# When Is a Fraction Worth One-Half?

All Classroom LessonsA Lesson for Fourth and Fifth Graders

by Marilyn Burns

*In this lesson from Marilyn Burns’s new book* Teaching Arithmetic: Lessons for Introducing Fractions, Grades 4–5* (Math Solutions Publications, 2001), students are asked to come up with as many different ways as they can to explain why a fraction is equivalent to one-half. The lesson engages the students with algebraic thinking as the methods they suggest are translated to generalizations using variables to represent numerators and denominators.*

After the class had experience comparing two fractions by using one-half as a benchmark, I wrote on the board:

^{6}⁄_{12}

“Raise your hand if you can explain why this fraction is equivalent to one-half,” I said. I waited until every student had raised a hand. While the question was trivial for most students, I planned to build on their understanding and have a class discussion about different ways to determine that a fraction is equivalent to one-half. Also, I planned to compile the explanations they’d offer into a list and represent them algebraically, thus giving the students experience with using variables to describe general numerical relationships.

Before calling on any students to respond, I gave a direction. “Be sure to listen to what others say and see if your idea is the same or different. If you have a different way, then raise your hand again. I’m interested in seeing how many different ways we can come up with to explain what makes a fraction equivalent to one-half.”

Jake reported first. “You add the top twice and see if it makes the bottom,” he said.

I knew, or thought that I knew, what Jake was stating. But his response gave me the chance to push for more clarity from him.

“Tell me what you mean with the fraction I wrote on the board,” I said.

“You go six plus six and you get twelve,” he said.

“Oh,” I said. “You added six to itself.” Jake nodded his agreement.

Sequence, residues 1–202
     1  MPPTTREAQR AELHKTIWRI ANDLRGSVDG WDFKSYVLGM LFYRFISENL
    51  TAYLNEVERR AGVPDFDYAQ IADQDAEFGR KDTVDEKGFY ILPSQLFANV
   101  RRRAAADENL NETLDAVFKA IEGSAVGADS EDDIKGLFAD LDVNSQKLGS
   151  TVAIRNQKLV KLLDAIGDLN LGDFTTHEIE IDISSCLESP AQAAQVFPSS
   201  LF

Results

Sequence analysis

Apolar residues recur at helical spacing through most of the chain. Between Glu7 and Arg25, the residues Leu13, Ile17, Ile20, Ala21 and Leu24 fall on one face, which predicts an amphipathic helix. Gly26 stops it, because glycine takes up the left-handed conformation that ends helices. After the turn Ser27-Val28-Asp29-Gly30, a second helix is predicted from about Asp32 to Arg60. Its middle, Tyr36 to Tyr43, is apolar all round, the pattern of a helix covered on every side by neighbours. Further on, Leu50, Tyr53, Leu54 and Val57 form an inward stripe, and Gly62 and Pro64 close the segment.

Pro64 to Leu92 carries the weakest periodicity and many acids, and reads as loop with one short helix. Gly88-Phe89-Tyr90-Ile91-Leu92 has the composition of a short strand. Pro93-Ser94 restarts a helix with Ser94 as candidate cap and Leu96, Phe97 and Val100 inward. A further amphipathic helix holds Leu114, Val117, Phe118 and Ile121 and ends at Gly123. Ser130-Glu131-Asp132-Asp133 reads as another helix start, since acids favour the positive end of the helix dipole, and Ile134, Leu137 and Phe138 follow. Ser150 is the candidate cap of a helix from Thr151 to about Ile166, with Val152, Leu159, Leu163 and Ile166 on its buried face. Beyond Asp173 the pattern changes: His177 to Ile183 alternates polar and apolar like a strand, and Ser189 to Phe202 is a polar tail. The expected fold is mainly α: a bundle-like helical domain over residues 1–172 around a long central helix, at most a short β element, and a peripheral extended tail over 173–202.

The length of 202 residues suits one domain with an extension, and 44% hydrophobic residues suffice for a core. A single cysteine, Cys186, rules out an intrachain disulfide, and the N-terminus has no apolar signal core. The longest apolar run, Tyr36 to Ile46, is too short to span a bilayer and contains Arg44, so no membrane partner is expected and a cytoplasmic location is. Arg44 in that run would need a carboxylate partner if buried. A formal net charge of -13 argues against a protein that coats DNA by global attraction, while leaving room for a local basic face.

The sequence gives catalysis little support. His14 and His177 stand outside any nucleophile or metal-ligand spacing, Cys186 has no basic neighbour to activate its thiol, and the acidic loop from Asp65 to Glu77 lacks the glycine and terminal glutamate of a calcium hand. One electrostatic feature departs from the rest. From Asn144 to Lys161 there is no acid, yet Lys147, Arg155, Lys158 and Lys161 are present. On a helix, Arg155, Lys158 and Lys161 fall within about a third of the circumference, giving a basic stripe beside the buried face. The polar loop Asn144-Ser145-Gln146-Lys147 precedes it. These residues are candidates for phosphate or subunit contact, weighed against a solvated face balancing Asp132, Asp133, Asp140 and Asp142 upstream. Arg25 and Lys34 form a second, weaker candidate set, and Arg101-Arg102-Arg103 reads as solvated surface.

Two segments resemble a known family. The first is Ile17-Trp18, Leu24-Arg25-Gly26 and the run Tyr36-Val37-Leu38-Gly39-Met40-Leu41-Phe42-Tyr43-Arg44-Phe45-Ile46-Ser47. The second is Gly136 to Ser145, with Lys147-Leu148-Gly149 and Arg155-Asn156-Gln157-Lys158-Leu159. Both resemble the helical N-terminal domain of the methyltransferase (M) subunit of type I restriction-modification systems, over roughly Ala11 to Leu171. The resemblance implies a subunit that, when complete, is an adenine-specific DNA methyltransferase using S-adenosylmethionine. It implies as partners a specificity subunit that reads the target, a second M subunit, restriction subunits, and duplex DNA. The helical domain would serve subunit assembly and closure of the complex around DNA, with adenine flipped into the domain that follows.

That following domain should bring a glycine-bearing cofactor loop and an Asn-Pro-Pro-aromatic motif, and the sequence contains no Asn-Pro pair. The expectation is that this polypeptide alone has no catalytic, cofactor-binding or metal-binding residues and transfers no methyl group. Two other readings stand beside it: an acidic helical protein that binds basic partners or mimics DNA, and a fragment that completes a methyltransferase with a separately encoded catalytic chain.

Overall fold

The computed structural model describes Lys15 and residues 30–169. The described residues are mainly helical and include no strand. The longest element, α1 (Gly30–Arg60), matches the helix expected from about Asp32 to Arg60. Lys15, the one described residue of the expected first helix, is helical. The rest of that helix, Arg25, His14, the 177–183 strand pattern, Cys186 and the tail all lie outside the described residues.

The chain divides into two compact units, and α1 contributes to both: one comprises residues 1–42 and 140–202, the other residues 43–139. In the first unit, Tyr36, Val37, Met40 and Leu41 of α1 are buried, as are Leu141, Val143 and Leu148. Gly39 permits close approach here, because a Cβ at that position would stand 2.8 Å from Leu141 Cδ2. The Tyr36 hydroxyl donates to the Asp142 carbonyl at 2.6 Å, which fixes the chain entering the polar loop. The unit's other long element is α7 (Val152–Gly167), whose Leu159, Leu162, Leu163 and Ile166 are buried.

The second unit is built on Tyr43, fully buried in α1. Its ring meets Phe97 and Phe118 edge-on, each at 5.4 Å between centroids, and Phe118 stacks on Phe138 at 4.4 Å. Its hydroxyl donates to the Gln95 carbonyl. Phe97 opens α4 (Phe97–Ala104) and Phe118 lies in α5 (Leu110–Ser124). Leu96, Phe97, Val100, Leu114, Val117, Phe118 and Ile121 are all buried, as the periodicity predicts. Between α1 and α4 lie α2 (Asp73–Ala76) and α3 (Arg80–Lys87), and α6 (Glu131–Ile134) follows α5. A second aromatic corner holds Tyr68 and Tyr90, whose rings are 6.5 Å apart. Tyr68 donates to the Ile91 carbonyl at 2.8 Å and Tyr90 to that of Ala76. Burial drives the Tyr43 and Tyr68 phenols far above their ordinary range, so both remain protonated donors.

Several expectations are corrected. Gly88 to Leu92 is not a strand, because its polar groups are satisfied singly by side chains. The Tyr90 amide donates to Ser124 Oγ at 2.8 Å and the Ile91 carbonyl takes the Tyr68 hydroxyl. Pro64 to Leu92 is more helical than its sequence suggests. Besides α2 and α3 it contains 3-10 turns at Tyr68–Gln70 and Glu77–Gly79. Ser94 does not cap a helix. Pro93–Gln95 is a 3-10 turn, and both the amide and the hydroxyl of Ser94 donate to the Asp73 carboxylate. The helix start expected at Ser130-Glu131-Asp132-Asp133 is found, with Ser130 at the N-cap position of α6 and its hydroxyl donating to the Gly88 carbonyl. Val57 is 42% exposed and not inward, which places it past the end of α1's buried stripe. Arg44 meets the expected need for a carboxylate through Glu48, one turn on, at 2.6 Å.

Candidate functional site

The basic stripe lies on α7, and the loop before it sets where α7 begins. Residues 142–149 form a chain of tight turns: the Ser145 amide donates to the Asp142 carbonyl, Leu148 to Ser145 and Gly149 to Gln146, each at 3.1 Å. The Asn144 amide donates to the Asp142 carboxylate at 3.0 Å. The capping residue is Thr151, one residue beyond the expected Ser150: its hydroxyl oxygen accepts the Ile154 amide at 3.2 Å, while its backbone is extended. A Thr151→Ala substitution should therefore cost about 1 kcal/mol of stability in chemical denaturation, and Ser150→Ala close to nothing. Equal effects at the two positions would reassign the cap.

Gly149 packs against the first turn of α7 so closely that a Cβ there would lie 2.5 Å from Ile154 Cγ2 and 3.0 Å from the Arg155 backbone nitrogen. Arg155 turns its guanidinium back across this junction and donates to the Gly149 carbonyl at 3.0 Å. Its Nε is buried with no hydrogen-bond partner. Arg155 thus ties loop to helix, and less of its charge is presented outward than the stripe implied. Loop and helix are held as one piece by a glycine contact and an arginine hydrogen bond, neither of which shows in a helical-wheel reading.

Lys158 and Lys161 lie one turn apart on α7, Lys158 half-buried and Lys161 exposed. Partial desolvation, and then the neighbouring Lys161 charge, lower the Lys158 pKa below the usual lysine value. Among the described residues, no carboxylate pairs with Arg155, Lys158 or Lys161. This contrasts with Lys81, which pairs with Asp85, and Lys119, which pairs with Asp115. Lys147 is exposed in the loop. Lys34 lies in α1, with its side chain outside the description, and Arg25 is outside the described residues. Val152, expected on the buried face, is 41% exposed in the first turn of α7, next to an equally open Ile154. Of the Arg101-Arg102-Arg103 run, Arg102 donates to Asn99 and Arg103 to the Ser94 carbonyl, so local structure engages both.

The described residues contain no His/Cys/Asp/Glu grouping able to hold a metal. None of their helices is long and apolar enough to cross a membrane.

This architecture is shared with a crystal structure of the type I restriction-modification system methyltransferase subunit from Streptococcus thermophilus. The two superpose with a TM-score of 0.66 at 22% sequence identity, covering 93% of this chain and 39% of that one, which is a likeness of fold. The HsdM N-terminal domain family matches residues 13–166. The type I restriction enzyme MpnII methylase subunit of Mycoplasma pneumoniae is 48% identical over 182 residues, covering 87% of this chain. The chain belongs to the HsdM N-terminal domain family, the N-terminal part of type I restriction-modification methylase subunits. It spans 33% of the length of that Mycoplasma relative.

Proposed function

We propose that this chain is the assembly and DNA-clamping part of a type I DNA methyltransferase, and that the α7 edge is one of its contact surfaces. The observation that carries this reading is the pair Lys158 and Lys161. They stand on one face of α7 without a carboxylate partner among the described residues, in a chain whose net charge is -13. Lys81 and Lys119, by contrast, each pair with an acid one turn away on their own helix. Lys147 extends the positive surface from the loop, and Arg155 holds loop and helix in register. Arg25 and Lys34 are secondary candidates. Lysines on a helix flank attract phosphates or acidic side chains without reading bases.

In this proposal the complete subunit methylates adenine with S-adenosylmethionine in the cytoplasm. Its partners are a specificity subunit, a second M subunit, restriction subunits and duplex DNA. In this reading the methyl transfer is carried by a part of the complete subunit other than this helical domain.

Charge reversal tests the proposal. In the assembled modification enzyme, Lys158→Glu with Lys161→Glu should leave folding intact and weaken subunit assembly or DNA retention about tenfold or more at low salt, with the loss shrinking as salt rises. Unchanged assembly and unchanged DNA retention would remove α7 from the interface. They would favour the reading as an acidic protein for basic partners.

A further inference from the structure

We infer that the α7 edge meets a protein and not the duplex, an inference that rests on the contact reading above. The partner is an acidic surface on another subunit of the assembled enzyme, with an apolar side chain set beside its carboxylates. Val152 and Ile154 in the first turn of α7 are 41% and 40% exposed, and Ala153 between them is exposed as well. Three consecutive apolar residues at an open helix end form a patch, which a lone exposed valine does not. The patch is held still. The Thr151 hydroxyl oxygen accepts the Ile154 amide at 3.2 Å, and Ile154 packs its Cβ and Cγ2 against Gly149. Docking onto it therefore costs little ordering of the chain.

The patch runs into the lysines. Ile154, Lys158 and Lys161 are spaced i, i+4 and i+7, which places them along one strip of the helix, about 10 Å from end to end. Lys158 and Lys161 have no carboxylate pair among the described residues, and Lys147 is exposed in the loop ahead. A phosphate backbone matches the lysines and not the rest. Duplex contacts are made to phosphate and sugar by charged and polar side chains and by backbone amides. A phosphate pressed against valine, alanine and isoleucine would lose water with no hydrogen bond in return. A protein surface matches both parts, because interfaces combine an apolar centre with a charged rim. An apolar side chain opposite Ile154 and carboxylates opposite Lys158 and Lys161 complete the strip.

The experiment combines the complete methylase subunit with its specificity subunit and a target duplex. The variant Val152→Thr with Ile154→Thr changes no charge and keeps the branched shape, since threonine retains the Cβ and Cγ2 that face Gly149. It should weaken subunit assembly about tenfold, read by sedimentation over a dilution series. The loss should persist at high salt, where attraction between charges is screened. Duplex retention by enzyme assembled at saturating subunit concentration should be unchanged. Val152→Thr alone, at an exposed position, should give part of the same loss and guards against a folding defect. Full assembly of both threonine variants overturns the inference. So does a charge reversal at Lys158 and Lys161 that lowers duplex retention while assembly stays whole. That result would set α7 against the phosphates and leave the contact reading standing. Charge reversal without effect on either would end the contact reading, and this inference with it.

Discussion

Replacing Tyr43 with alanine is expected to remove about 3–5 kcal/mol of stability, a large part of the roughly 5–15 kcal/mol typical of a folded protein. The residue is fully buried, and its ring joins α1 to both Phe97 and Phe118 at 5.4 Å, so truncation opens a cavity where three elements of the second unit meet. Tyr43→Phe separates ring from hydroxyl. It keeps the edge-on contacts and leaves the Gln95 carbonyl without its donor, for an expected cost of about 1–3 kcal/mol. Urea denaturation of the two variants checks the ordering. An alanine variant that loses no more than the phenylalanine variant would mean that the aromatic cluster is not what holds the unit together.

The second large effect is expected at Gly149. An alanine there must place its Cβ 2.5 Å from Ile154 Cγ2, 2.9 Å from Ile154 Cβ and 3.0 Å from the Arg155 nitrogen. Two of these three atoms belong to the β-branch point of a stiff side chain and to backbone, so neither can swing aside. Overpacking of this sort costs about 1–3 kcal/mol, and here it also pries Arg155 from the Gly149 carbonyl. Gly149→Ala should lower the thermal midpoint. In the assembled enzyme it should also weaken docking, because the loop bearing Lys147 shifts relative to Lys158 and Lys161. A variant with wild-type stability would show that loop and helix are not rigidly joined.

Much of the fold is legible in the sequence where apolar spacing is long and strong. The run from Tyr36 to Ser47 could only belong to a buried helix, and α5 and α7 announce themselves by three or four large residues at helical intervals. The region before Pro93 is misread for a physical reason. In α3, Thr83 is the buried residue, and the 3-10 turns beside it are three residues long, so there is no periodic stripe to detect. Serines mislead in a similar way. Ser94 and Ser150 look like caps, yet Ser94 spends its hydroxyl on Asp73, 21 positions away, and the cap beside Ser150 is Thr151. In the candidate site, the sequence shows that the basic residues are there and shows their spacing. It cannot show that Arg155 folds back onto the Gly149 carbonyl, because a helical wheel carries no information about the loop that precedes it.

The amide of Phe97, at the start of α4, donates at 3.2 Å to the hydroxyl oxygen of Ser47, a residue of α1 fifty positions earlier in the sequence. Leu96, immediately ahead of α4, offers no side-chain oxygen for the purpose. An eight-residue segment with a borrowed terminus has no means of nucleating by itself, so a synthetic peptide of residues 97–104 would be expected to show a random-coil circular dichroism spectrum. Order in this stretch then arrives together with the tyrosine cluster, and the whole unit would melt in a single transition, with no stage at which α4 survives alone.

“That works,” I confirmed. “Can you say your idea again, but this time use the words numerator and denominator instead of top and bottom?”

Jake said, “You go numerator plus numerator and see if the answer is the denominator.” I then wrote on the board:

*If the numerator plus the numerator equals the denominator, then the fraction is worth ^{1}⁄_{2}.*

“Who has a different way to decide if a fraction is worth one-half?” I asked. I called on Rosie.

She said, “Do the numerator times two and see if the answer is the denominator.” I wrote on the board:

**If the numerator times 2 equals the denominator, then the fraction is worth ^{1}⁄_{2}.**

“I have another way,” Donald said. “If the numerator goes into the denominator two times, then the fraction is one-half.” I wrote:

**If the numerator goes into the denominator two times, then the fraction is worth ^{1}⁄_{2}.**

I said to the class, “My hand gets tired writing down your ideas. One of the benefits of mathematics is that we have symbols to describe ideas and don’t have to use words all of the time. The symbols are like shortcuts. See if you understand how I can record Jake’s, Rosie’s, and Donald’s ideas in mathematics, not English.”

I turned to the board, explaining as I wrote. “Instead of writing numerator and denominator over and over, I’ll just use a shortcut for each: n and d. Who can explain why this makes sense?” I had written:

^{n}⁄_{d}

*n = numerator*

*d = denominator*

Carl answered, “You just used the first letter.”

“Look at this fraction,” I said, writing ^{3}⁄_{4} on the board. “For this fraction, *n* is three and* d* is four.”

“But it’s not one-half,” Steven said.

“No, it’s not,” I agreed.

“I don’t get why n is three and d is four,” Gena said.

“Who can explain?” I asked. I called on Peter.

“Because three is the top number in the fraction, so it’s the numerator,” he said. “And four is the bottom number, so it’s the denominator.”

“But the fraction you wrote — *n* over *d*— isn’t a real fraction,” Gena said.